Parents gone wild: 4 things you can do to deal with overreacting parents

November 13, 2016 No Comments »
Parents gone wild: 4 things you can do to deal with overreacting parents

The stereotype of the sports parent screaming and acting aggressively, profanities flying until the angry mom or dad is thrown out of the rink, gymnasium or the field, didn’t create itself. Parents, coaches, and team administrators have all witnessed this behaviour.

But now, as reported on CBC radio in this shocking news segment, heckling, screaming, and violent parents are not restricted to minor sports events anymore. These aggressive behaviours are becoming the norm at kids’ music recitals. Yes, you read correctly. The high-stakes world of youth orchestras is the new arena for parents going wild.

Of course that CBC news segment is a satire (and one worth listening to if you haven’t yet). But the joke is on sport parents. The humour in the piece only works because the extreme behaviours of the main character “orchestra dad” are a caricature of over-the-top sports parents.

I want to turn this trend around and give the game back to the kids. Maybe you do, too. Luckily, you are not alone. Many parents, coaches, and organizations are attempting to do just that. We all have to work together to achieve that goal.

Here are 4 things you can do to help turn around the negative trend of parents ruining kids’ sport experiences:

1) Use humour

Sport Nova Scotia just launched a campaign to help parents understand the problems that can arise from early sport specialization. Not unlike the radio segment from the show “This is That” I mentioned above, Sport Nova Scotia’s campaign uses humour to bring attention to and educate parents about some behaviours that can have very negative outcomes for their kids. Hopefully more people will be compelled to share these funny ads, and reach more parents.

2) Empower the quiet majority

The Respect in Sport on-line program has educated thousands of coaches and parents across Canada in appropriate rink and sports field behaviour. The power and genius of the program is that it is built upon one fundamental truth: the parents who misbehave are in the minority. The purpose of the program is to give a voice to the “quiet majority”, as Sheldon Kennedy co-founder of the program calls it. To empower parent bystanders to take appropriate action to reduce abuse from the stands.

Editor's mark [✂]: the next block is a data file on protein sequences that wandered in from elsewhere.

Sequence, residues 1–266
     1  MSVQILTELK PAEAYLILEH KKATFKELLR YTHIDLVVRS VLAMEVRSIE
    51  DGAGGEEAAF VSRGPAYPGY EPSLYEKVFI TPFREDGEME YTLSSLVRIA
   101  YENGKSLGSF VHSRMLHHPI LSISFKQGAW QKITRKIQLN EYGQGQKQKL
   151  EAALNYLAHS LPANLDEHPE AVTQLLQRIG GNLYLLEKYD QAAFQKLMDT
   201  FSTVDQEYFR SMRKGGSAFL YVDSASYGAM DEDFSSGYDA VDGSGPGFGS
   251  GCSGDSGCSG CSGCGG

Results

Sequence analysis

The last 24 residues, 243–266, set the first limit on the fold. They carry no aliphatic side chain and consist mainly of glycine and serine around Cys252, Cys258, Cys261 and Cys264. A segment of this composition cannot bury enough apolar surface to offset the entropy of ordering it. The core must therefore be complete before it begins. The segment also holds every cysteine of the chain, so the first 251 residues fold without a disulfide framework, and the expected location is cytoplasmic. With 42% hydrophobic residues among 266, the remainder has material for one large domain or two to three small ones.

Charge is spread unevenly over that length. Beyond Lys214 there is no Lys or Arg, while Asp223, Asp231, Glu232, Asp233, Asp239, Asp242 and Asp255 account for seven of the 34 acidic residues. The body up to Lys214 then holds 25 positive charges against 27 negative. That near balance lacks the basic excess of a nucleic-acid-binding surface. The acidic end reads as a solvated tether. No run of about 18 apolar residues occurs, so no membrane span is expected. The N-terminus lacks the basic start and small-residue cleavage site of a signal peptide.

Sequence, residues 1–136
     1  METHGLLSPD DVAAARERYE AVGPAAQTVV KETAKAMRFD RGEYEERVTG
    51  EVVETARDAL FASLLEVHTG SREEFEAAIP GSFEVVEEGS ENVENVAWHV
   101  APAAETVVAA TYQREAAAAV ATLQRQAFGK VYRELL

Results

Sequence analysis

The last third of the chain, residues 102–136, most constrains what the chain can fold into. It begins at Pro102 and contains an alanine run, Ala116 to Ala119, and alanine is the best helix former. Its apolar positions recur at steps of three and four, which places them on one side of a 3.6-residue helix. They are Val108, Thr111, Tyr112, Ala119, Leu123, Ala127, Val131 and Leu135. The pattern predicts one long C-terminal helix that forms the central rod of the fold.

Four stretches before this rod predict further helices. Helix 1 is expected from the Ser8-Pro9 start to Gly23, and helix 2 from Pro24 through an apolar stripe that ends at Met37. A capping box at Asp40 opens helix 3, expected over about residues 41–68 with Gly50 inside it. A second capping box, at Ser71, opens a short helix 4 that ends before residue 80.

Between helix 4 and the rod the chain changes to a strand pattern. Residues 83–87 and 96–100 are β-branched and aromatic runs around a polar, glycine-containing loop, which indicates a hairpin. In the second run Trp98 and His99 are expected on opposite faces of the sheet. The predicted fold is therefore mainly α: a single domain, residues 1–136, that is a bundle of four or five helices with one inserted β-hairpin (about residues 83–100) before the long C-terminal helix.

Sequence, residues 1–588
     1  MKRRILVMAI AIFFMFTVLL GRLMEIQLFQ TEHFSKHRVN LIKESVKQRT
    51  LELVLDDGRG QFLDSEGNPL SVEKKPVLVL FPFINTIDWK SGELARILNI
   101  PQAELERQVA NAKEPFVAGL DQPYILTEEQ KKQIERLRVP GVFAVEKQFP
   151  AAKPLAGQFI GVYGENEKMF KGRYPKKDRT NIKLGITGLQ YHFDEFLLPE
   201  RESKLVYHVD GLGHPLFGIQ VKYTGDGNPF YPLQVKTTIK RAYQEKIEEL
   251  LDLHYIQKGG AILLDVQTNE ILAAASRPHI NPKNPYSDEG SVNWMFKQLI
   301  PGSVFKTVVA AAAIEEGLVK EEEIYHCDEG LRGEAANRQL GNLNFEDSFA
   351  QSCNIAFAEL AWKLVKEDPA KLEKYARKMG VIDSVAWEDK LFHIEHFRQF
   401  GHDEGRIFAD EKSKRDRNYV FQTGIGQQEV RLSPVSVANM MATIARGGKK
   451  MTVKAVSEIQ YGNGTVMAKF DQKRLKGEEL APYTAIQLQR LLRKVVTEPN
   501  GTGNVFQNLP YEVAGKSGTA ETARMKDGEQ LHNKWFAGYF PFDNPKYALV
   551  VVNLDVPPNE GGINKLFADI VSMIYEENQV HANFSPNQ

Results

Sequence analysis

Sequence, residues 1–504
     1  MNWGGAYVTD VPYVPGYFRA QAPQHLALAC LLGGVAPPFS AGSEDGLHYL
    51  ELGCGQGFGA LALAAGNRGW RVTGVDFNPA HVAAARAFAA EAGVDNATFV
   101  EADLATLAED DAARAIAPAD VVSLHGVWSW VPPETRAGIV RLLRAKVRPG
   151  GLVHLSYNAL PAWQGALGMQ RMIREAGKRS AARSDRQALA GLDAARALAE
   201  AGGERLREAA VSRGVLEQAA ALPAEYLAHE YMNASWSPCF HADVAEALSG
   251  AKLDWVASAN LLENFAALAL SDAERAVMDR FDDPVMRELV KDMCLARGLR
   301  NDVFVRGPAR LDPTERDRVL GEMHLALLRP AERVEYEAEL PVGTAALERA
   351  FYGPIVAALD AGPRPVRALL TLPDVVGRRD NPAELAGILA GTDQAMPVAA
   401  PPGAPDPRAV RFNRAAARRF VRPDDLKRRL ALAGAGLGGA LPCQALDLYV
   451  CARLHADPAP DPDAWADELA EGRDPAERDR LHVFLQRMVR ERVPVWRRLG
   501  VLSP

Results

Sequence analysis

In 2014, the Ontario Minor Hockey Association (OMHA) was the first provincial branch to require that at least one parent or guardian of each player registered with the OMHA complete the Respect in Sport Parent Program as a condition for kids to play.

The results? According to Wayne McNeil, co-founder of the program, “for the Ontario Minor Hockey Association parent discipline hearings were down by 30%”. In Calgary, parent discipline hearings went down by 50%.

3) Understand the pressure you put on your child … and on yourself

The pressure that drives parents to act over the top is the kind of pressure that creeps up on you. You feel it, but you can’t really put your finger on it until it’s too late.

Like all stressors in life, it is important to identify the pressure and deal with it in a proactive way. I recently wrote about the pressure that parents can feel in relation to their children’s sports and performance activities like dance.

In the article, I outlined three strategies that can help. The first one involves asking your child what they really want from their activity. The second is about educating yourself about what is realistic for your child to achieve and what matters to her development. The last strategy is about clearly defining what makes sense for you child in relation to her development in a given activity or sport.

4) Remember that it’s their game

This video about long-term player development in soccer — describing what is proper to teach to the youngest players — says it best. At the end of the video, Sam Snow, the coaching director of US Youth Soccer, made a statement that sums up the situation when it comes to how we should behave in response to our children’s performance:

“The children are allowing us [parents and coaches] to come into their game. It’s not a professional game, it’s a kid’s game. So relax and enjoy their game.”

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